Monday, 1 January 2018

Client vs Behalf

Halliday & Matthiessen (2014: 237):
Clients tend to be more restricted than Recipients; in I’m doing all this for Maryfor Mary is not a Client but a type of circumstance of Cause (Behalf).

Sunday, 31 December 2017

Material Clauses: Recipient & Client

Halliday & Matthiessen (2014: 237):
The two functions of Recipient and Client resemble one another in that both construe a benefactive rôle; they represent a participant that is benefiting from the performance of the process. The Recipient is the one that goods are given to; the Client is one that services are done for. Either may appear with or without a preposition, depending on its position in the clause … the preposition is to with Recipient, for with Client.

Saturday, 30 December 2017

Material Clauses: Scope, Recipient, Client & Attribute

Halliday & Matthiessen (2014: 236):
Of these four participant roles, Scope is the most general across different types of ‘material’ clause … but they are all more restricted than Actor and Goal.

Friday, 29 December 2017

Material Clauses: Inherent Participants

Halliday & Matthiessen (2014: 236): 
The Actor is an inherent participant in both intransitive and transitive material clauses; the Goal is inherent only in transitive clauses. In addition to these two roles, there are a number of other participant roles that may be involved in the process of a ‘material’ clause; these are: Scope, Recipient, Client and (more marginally) Attribute.

Thursday, 28 December 2017

Transformative Material Clauses: Outcomes As Expansion Types

Halliday & Matthiessen (2014: 232-3):
The outcome of the transformation is an (1) elaboration, (2) extension or (3) enhancement of the Actor (‘intransitive’) or Goal (‘transitive’) …

Wednesday, 27 December 2017

The Systemic Valeur Of The Feature 'Transformative'

Halliday & Matthiessen (2014: 232):
The ‘transformative’ type of ‘material’ clause covers a much wider range than the ‘creative’ type. As always, it is difficult to find an appropriate term for the grammatical category. We have to understand it in the context of the relevant systemic contrast. Thus ‘transformative’ means that the Actor (‘intransitive’) or Goal (‘transitive’) exists prior to the onset of the unfolding of the process, and is changed in some way or other through the unfolding of the process.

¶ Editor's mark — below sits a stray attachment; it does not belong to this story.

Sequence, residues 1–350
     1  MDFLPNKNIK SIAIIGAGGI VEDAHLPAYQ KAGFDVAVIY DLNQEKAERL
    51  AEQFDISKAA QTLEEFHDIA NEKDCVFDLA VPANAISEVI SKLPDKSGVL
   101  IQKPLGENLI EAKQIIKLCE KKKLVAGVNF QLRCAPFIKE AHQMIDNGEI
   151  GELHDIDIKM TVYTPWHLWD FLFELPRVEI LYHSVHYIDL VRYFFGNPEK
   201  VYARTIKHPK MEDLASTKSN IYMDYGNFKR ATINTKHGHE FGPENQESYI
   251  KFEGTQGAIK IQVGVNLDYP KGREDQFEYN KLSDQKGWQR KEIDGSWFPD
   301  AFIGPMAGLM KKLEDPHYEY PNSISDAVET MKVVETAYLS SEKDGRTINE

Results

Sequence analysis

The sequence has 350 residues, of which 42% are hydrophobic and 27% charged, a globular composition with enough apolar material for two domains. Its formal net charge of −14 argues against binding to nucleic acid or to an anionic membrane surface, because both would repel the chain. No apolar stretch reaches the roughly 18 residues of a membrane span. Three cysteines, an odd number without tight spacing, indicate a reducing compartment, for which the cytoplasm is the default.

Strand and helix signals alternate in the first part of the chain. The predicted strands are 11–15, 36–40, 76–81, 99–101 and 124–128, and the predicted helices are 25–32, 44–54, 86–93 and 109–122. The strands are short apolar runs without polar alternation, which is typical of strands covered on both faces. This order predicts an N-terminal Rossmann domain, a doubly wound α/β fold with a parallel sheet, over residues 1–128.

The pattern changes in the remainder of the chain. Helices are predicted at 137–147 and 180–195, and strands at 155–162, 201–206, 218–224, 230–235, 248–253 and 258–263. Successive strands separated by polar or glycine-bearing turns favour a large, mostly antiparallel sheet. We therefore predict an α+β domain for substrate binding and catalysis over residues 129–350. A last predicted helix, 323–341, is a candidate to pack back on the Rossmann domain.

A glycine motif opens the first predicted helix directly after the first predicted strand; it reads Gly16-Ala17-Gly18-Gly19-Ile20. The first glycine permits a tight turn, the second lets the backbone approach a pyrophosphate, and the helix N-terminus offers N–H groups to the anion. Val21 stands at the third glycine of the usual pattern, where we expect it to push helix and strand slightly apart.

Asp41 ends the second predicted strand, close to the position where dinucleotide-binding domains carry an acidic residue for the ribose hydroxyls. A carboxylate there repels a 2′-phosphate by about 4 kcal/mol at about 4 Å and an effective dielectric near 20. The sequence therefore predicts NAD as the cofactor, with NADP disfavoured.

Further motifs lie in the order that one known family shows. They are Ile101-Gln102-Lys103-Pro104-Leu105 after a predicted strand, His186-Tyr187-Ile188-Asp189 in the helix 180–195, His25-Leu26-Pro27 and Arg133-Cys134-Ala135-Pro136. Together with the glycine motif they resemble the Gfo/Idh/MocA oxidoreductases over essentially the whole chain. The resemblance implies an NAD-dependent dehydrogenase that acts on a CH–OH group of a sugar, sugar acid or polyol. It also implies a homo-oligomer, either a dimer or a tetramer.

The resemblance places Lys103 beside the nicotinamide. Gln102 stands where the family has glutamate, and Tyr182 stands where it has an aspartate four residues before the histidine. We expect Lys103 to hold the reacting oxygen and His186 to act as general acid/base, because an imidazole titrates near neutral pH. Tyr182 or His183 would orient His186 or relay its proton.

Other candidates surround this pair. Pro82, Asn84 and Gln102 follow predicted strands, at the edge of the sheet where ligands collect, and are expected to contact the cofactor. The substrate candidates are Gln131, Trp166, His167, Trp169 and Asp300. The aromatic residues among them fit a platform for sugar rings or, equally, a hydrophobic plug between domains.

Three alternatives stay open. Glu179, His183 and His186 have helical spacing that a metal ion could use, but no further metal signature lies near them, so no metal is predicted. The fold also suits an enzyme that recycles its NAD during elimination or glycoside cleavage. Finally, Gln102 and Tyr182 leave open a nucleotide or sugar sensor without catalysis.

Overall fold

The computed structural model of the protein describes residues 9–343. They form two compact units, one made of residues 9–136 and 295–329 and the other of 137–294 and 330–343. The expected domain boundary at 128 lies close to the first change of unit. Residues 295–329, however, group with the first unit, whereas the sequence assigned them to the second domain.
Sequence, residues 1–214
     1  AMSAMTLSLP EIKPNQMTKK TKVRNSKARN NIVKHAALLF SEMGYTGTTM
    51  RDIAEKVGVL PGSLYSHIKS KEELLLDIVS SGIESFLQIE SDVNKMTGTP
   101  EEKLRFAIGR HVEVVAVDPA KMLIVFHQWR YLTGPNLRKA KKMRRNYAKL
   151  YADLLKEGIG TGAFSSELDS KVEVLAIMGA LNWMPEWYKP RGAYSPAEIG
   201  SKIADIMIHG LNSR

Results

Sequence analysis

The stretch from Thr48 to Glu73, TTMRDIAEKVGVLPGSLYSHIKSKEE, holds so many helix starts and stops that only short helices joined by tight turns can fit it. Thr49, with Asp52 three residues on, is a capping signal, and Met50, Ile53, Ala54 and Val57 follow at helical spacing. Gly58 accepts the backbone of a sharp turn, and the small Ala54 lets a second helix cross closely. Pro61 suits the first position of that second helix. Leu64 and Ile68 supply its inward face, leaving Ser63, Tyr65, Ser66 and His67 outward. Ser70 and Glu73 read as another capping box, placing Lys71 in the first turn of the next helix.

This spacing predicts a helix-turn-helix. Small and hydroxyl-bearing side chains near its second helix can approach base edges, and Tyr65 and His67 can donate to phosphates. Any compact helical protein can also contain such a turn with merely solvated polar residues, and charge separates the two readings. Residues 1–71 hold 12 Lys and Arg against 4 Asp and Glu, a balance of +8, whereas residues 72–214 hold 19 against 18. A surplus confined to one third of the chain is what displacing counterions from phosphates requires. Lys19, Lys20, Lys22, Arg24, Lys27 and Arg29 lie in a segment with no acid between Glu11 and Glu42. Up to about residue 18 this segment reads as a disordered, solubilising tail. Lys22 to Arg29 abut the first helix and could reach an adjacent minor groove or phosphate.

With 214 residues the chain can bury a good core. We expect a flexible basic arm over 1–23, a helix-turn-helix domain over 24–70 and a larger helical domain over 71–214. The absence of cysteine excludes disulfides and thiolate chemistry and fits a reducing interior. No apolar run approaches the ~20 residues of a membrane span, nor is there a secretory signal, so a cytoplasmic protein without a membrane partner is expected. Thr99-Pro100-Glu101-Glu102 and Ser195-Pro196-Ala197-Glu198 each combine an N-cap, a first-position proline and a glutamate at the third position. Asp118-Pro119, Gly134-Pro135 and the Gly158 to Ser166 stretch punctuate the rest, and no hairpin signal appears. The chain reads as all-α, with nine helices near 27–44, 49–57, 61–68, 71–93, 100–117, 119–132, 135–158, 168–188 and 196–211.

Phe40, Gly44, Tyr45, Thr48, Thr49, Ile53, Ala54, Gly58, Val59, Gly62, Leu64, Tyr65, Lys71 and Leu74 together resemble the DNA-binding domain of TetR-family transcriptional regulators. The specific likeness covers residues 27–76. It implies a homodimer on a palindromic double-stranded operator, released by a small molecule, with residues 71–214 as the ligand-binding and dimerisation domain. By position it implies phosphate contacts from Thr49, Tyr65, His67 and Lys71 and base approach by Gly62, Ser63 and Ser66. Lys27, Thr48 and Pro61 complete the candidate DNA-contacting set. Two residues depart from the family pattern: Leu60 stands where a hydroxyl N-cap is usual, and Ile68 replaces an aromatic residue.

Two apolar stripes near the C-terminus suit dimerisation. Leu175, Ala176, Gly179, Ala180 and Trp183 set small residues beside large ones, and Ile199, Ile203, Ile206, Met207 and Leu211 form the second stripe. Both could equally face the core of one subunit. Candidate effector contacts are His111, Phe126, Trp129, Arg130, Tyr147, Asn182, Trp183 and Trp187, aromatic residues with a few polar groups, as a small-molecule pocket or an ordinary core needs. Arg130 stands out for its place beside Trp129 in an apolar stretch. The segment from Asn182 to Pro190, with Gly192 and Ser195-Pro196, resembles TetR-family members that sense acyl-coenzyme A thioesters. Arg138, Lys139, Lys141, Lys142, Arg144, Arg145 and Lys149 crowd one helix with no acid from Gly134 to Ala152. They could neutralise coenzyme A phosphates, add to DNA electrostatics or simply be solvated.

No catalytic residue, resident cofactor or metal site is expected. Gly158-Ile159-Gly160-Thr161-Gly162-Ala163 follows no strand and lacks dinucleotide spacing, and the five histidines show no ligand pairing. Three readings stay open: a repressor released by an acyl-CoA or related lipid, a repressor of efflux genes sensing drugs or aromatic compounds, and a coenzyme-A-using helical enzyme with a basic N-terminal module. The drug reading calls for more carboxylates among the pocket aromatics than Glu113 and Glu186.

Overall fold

Tuesday, 26 December 2017

How To Tell Transformatives From Creatives [Diagnostic]

Halliday & Matthiessen (2014: 232):
Neither happen to or do to/with can be used [as probes] with creative clauses …

Monday, 25 December 2017

Intransitive Transformative Material Clauses: Probing Actor (Medium)

Halliday & Matthiessen (2014: 232):
The Actor of an ‘intransitive’ ‘transformative’ clause can be probed by happen to

Sunday, 24 December 2017

Transitive Transformative Material Clauses: Probing Goal (Medium)

Halliday & Matthiessen (2014: 232):
The Goal of a ‘transitive’ ‘transformative’ clause exists before the process begins to unfold and is transformed in the course of the unfolding. It can be probed by means of do to, do with

Saturday, 23 December 2017

Transformative Material Clauses: Outcomes

Halliday & Matthiessen (2014: 232):
In a ‘transformative’ clause, the outcome is the change of some aspect of the Actor (‘intransitive’) or the Goal (‘transitive’). … In the limiting case, the outcome of the final phase is to maintain the conditions of the initial phase …
Unlike ‘creative’ clauses, ‘transformative’ ones can often have a separate element representing the outcome … an Attribute specifying the resultant state of the Goal. Even where the sense of outcome is inherent in the process, the outcome may be indicated by the ‘particle’ of a phrasal verb, as in shut down

Friday, 22 December 2017

Intransitive Creative Materials Vs Existentials [Diagnostics]

Halliday & Matthiessen (2014: 231-2):
‘Intransitive’ ‘creative’ clauses have the sense of ‘come into existence’ and shade into clauses of the ‘existential’ process type. One difference is the unmarked present tense: it is present–in–present for material clauses … but the simple present in existential ones. Another difference is the potential for a construction with there as Subject in existential clauses, but not in creative material ones.